Quite apart from this vest business, is the evident truth of what he actually said in the House. I watched his initial comments and then his refusal to climb down in the face of self-righteous howling by the opposite benches. So, here I go, sailing close to the wind...

I don't know the Minister from Adam, and I'm not very right wing, but what I heard him say about that district, and about who kills who with guns in TO, was true. It's just that we seem very leery of actually tagging the problem to the community in question, lest we be accused of...well--you know what.

This problem is not new. When I was a young Militia recruit in 1974, my section commander was a Metro Police constable in what I believe was then 13 Division, which covered the neighbourhood the Minister mentioned.  One day, in talking about work, he offered that: "in Jane and Finch we never go to any call with less than two cars". That was 44 years ago.

Since those days, the problem has not only gotten worse: it has spread to a portion of Scarborough, and out to Brampton and Mississauga. In my opinion, it can't just be shuffled off as an "immigrant problem". Most of Toronto's immigrant communities, even those who went through a violent phase, have moved onwards and mostly upwards. And, I bet, many of those involved are no longer immigrants but native-born Canadians. (Check out that 44 years figure...)

Considering who the targets of the violence normally are (not counting tragic collateral victims like Jane Creba) I have a difficult time swallowing the rationales constantly trotted out as to why this problem persists in this community. Many immigrant groups in this country have faced racism, nativism, and other bigotry. Not all of them have remained in such a terrible, lethal mess for so long. What is going wrong here?

The Minister had the courage to raise issues many people would rather not hear. And who knows, maybe the Tories can't do much to fix it. But, IMHO, the first step in fixing a problem is defining just what that problem is, as unpleasant as it may be to discuss it.
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Offline mariomike

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Re: New Ontario Government 2018
« Reply #32 on: July 20, 2018, 14:16:40 »
When I was a young Militia recruit in 1974, my section commander was a Metro Police constable in what I believe was then 13 Division, which covered the neighbourhood the Minister mentioned.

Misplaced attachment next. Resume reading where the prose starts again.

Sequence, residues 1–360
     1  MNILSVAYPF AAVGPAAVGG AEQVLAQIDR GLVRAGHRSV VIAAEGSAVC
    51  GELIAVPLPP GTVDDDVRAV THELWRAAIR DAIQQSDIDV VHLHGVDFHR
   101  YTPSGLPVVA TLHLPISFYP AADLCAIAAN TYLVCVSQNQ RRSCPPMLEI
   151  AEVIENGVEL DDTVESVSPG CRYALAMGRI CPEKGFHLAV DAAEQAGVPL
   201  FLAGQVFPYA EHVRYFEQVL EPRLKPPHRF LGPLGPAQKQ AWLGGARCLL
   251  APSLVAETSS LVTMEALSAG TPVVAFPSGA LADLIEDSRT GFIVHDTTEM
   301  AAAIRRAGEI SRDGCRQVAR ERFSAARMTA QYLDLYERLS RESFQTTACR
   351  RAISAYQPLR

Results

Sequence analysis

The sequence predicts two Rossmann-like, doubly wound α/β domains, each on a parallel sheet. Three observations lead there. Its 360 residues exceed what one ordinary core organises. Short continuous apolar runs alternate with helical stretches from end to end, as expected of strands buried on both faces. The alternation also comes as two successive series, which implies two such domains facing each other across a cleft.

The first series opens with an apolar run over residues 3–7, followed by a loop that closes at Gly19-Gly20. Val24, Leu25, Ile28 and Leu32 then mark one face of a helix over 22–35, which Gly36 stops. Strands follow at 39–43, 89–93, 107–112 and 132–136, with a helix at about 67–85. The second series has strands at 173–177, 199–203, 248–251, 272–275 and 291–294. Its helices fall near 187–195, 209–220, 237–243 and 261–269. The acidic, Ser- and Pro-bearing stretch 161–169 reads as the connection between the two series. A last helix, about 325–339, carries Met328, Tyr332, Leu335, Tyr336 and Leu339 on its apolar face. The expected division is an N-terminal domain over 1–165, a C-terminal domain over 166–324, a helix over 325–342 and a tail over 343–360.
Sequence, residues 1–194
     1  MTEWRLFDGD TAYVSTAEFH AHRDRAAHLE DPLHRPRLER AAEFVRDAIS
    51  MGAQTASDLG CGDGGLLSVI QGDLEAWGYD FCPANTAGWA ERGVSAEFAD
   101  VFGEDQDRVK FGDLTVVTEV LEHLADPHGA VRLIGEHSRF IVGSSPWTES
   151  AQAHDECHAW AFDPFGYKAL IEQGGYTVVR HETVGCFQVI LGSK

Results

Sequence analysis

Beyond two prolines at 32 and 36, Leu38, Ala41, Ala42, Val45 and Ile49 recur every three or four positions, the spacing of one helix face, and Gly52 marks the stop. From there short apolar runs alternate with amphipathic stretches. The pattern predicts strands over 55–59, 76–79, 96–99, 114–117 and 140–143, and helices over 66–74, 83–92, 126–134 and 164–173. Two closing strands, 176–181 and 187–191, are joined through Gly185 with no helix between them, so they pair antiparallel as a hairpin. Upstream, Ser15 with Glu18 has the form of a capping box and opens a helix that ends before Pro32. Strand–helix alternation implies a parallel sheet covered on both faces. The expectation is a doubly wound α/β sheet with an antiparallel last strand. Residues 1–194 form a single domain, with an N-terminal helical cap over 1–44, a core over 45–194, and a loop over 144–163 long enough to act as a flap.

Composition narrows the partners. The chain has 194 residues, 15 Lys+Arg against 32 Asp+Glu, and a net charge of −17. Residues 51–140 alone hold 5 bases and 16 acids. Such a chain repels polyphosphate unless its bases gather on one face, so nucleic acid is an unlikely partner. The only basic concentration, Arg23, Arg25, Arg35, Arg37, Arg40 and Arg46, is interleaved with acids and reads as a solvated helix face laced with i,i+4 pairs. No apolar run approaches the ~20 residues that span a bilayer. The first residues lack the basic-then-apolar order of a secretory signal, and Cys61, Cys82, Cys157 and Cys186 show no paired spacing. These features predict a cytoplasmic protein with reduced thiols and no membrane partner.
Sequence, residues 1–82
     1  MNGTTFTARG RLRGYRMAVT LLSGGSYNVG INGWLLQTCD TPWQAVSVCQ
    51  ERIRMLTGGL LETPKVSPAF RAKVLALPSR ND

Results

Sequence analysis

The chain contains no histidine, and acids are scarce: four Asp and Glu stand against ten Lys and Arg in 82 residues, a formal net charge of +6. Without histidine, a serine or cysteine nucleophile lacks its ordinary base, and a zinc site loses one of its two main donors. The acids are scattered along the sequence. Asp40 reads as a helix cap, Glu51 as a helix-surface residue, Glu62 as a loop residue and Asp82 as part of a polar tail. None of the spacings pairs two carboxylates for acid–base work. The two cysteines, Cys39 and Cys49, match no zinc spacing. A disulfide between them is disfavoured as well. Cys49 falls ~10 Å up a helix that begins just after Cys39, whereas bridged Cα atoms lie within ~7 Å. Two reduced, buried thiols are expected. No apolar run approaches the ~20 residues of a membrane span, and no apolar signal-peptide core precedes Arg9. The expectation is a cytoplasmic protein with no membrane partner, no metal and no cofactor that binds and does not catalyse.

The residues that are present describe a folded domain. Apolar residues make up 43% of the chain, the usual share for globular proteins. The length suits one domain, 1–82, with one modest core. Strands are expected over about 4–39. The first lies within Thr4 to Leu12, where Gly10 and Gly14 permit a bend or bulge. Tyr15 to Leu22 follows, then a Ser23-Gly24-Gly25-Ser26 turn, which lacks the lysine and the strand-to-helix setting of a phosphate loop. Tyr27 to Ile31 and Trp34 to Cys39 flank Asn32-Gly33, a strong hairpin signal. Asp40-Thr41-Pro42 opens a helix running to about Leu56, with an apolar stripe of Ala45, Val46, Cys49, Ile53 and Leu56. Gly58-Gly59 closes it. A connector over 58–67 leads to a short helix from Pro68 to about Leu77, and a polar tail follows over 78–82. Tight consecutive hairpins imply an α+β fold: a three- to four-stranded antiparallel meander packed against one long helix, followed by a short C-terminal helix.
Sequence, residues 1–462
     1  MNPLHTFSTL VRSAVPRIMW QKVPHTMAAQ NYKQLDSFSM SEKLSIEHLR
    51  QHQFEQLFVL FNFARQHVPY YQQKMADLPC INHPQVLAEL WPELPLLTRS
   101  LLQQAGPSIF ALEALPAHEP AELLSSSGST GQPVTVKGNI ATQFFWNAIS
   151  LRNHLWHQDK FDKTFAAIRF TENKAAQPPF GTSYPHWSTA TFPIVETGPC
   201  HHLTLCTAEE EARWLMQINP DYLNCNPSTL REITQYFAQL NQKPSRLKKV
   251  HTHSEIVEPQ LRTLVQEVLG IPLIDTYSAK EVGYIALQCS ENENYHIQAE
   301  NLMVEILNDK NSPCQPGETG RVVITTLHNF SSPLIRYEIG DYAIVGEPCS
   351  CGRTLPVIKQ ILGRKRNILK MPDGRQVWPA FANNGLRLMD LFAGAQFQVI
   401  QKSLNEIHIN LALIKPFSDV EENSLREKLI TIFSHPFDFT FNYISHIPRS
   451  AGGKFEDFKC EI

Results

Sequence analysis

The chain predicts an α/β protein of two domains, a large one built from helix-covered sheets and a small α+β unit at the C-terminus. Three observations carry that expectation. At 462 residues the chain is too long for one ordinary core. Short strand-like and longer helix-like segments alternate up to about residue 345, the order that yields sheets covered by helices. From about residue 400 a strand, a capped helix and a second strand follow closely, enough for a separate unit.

13 Division covers this area,
http://www.torontopolice.on.ca/d13/neighbourhoods.php

You may have been thinking of 31 Division,
http://www.torontopolice.on.ca/d31/neighbourhoods.php
« Last Edit: July 20, 2018, 14:24:47 by mariomike »

Offline pbi

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Re: New Ontario Government 2018
« Reply #33 on: July 20, 2018, 14:26:15 »
13 Division covers this area,
http://www.torontopolice.on.ca/d13/neighbourhoods.php

Yes: I looked at that TPS map before I posted. Maybe 13 Div boundaries are different now than they were in 1974. In any case, he was definitely speaking about the problem in Jane and Finch.
The Nation that makes a great distinction between its scholars and its warriors will have its thinking done by cowards and its fighting done by fools. ...

The true measure of a man is what he would do if he knew he never would be found out...

Offline mariomike

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Re: New Ontario Government 2018
« Reply #34 on: July 20, 2018, 14:31:43 »
Maybe 13 Div boundaries are different now than they were in 1974.

I was stationed in the Marlee ( between Dufferin and Bathurst ) and Eglinton area in 1972. It was 13 Division back then. It is still 13 Division.

West-end City of Toronto and Borough of York divisions started with a 1.

East-end City of Toronto and Borough of East York divisions started with a 5.

Borough of Etobicoke divisions started with a 2,

Borough of North York divisions started with a 3. ( That would include Jane and Finch. )

Borough of Scarborough divisions started with a 4.

That is the way Metro Police have numbered their divisions from 1957 to this day.

On Friday night, Mayor Tory went on a bike ride-along. Without a vest, "saying he has never donned a bulletproof vest in any of the ride alongs he's done before."

Ward 7 Councillor Mammoliti, "put on a bulletproof vest before getting into a squad car with officers."
http://www.iheartradio.ca/newstalk-1010/news/tory-mammoliti-go-on-ride-alongs-with-police-friday-evening-1.4162037

Councillor Mammoliti has suggested the army should be called in to his ward. ( The army has not been called in to Metro since the 1999 snowstorm. )
https://www.google.com/search?source=hp&ei=phtTW6S2HsbAjwSV9pboCA&q=mammoliti+army&oq=mammoliti+army&gs_l=psy-ab.3..35i39k1.1719.11707.0.13143.15.14.0.0.0.0.436.3333.0j4j2j3j3.12.0....0...1c.1.64.psy-ab..3.12.3323.0..0j0i67k1j0i131i67k1j0i131k1j0i20i263k1j0i10k1j0i22i30k1j0i22i10i30k1.0.xgXpJPCej4k

Councillor Mammoliti once ran for mayor. But, dropped out after registering no more than 4% in public opinion polls.